From afar, grapevine steals kisses from the sun, in hundreds.
So that sheaves of grapes may grow, in hundreds!
Cedar helps the newly rising morning glory
Climb up her branches.
Blissful are those who worship sun and earth
For there's only love and kindness, no hostilities, no hatred.
Suddenly, tears well up in my eyes
I choke in my burning chest, ah!
But why then can we not be this way?
Come to our senses and wish to be humans.
From the realm of sea
With maternal love
Rushed to sandy shores,
Round the sand she turned
Washed away the gloom
Off its dusty face,
Of the sand dwellers,
I am not aware,
What the sandy shore
Told the tender wave.
That to kill herself,
Time and time again
Hit her head against
Rock and stone and sand,
In That Fair World
May I be allowed,
To behold the hue of that fresh blossom
As I stand at the base of this wall?
And, through this bloody, thorny fence,
This barbed wire,
May I drink a sip of spring water?
May I be allowed "Outside, In Front of the Door"
And to regain my strength,
Rest by this tree, may I?
Or, must I pass through this road,
A stranger, now and always,
Swallow centuries of "YOU MAY NOT"
Like a dagger piercing my patient throat?
In the shadow land of this vast cerulean tent,
It would have been fair,
If trees, land, water or sunshine,
Did not belong to anyone!
Or, better yet,
Belonged to all.
A world of friends, all familiar,
One big house, this globe, and its dwellers,
Bond by fibers of their souls!
Together, for one another,
With helpful hands,
In that fair world,
Green meadows have the horizon of border!
Flower gardens have walls of breeze!
With each blooming sprout,
The surging of light,
The rapture of love.
In every song,
The warmth of a caress,
The tune of compassion.
Gardeners' smiles shine like lanterns,
Farmers' chants soar to heavens!
We toil together.
Hearts, abundant with joy of living,
Faces, fresh as gardens of miniature roses,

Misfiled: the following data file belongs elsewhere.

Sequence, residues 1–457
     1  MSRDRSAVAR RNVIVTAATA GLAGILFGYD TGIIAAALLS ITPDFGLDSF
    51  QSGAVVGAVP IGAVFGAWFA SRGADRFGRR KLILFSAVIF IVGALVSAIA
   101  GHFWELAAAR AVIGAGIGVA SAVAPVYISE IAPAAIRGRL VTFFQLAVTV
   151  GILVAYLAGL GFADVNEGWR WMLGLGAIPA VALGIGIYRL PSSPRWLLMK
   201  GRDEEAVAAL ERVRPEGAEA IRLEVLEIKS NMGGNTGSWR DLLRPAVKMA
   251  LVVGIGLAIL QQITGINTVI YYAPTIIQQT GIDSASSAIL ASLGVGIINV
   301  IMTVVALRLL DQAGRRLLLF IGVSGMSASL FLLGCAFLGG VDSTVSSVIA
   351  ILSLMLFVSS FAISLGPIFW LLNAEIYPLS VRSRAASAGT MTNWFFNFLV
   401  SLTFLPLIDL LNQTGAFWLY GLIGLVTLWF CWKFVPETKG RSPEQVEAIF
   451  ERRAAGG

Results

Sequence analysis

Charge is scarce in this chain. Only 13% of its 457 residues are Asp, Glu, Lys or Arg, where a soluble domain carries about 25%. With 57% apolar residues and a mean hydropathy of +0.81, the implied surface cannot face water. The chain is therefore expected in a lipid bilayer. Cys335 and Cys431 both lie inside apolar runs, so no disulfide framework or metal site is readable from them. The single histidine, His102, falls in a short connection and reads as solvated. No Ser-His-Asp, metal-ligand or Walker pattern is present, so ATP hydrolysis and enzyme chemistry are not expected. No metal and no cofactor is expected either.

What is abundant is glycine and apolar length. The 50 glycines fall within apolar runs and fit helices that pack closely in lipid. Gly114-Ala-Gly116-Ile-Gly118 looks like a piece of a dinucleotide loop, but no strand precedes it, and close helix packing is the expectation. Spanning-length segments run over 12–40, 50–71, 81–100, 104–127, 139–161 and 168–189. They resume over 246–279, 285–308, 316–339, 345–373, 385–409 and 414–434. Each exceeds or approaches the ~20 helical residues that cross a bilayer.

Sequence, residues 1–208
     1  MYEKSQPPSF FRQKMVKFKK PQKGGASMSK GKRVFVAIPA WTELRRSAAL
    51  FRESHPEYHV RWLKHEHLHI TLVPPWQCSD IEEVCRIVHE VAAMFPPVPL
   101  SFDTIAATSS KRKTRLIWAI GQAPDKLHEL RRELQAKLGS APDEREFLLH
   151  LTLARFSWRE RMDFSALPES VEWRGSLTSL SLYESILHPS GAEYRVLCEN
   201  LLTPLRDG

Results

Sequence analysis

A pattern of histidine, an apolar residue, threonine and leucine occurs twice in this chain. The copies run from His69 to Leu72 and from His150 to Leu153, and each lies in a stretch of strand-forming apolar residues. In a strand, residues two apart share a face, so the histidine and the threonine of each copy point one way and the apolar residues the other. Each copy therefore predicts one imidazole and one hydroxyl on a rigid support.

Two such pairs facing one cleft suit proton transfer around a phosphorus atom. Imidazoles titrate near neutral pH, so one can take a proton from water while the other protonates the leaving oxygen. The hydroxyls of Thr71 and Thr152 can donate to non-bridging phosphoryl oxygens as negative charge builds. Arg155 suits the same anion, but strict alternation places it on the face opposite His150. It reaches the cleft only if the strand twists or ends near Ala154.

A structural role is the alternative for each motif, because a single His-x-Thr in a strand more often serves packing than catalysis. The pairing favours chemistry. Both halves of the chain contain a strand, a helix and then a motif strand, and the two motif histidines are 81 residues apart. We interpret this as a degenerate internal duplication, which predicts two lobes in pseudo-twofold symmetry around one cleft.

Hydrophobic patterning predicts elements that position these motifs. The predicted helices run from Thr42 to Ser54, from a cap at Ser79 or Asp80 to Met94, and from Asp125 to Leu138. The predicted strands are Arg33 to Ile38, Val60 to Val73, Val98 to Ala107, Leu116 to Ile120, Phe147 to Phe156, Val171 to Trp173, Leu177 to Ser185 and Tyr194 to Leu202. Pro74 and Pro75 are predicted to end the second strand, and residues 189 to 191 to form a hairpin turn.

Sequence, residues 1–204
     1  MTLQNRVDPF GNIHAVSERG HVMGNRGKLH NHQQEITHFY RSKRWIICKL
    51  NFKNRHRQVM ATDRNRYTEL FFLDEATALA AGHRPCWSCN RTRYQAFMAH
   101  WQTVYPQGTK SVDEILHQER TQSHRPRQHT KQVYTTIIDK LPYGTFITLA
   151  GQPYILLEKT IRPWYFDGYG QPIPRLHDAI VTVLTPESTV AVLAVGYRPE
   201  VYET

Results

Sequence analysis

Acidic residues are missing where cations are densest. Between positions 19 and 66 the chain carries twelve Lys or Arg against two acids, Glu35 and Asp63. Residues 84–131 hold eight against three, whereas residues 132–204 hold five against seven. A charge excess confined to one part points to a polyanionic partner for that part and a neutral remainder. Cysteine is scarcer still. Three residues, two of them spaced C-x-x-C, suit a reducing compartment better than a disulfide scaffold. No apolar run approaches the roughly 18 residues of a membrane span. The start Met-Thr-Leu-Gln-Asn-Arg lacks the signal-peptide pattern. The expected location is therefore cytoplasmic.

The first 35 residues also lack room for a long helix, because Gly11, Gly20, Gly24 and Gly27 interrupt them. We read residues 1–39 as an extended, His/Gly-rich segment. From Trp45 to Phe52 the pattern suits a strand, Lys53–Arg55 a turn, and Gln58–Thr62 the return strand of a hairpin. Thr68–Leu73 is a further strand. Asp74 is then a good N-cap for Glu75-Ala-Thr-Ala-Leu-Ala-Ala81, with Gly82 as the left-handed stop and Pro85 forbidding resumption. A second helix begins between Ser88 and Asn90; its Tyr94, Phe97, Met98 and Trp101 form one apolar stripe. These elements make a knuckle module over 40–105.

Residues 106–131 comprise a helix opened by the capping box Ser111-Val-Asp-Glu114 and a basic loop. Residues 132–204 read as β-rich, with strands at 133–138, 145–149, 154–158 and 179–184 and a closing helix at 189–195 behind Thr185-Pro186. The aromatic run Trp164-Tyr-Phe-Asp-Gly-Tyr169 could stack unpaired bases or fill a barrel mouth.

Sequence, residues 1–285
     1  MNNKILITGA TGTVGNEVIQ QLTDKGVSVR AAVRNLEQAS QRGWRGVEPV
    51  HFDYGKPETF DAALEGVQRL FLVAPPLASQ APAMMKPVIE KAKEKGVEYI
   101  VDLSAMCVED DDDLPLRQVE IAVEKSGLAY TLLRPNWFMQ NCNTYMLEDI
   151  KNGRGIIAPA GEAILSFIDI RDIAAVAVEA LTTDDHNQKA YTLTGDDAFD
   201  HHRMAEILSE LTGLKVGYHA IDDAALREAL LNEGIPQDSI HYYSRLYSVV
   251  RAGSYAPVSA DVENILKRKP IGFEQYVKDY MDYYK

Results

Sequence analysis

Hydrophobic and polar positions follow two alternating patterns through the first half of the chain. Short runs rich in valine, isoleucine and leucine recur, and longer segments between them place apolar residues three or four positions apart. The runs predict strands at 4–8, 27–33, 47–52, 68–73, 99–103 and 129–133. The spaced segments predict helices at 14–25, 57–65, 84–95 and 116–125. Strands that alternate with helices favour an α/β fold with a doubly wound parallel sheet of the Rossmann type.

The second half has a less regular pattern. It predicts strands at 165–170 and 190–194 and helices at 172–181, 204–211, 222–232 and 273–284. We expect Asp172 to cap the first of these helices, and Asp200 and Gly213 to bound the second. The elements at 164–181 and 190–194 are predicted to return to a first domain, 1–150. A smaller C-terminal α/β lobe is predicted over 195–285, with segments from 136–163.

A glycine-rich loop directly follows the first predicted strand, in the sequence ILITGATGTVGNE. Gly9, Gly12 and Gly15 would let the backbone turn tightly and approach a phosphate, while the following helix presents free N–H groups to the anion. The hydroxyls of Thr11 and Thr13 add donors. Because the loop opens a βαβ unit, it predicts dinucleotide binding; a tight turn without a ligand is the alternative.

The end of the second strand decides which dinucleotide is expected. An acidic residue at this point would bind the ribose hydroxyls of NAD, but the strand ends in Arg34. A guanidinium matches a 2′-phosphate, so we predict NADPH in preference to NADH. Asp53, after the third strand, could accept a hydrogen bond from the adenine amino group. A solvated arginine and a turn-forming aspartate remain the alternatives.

Eyes, teeming with love!
We sow love like seeds in soil.
We compose poetry like buds on trees!
We, and everyone alike,
Full of music, Free of bonds,
My Best of Best
Yellow, azure, and purple,
Green, blue, and violet,
I have sat among violets,
Year upon year,
By the fountain of dawn-
Their heads nestled on each other's shoulders,
Their wet hair in the hands of the wind,
Their faces concealed in shadow of modesty,
Colors bloomed in the limpid warmth of perfumes.
There flows from their blissful silence
The best of songs,
The best of hymns!
On the velvet glances of the violets
I am borne, lighter than a breeze,
From the garden's bed of violets
To the violet beds of your eyes
Where, side by side, have grown
Yellow and azure and purple,
Green and blue and violet,
In the same modest silence,
Among the same songs and scents.
The best of all that was and is,
The best of all that was and is.
In the violet garden of your eyes
I have trailed through paradise,
I have reached the best of spring times.
O, your sorrow, the companion of my life's best hours!
The moments of my being are filled with you
In my chambers, in the alley, on the road,
In air, trees, grass, water, soil
In the entangled lines of a book
In the azure realm of sleep!
O, your departure, the best excuse for crying!
without you, I have come to the summit of regret.
O, your caress, the best hope for living!
By your side, I have passed the summit of ineffable pleasure.
In the violet garden of your eyes,
Yellow and azure and purple leaves,
Green and blue and violet perfumes,
Compose unheard melodies,
Better than all songs and tunes.
On the delicate velvet of your cheeks,
The colorful buds the humble-plant,
Open fresh leaf upon leaf
Better than all colors and secrets!
O, my darling, how good, how good you are!
How your sweet name intoxicates me,
Better far than wine,
better than purest poetry!
Your name is the best hymn for living,
Yet, in the divine privacy of my imagination,
I call you by this name my best of best,
"My Best of Best"!
translations by Franak Moshiri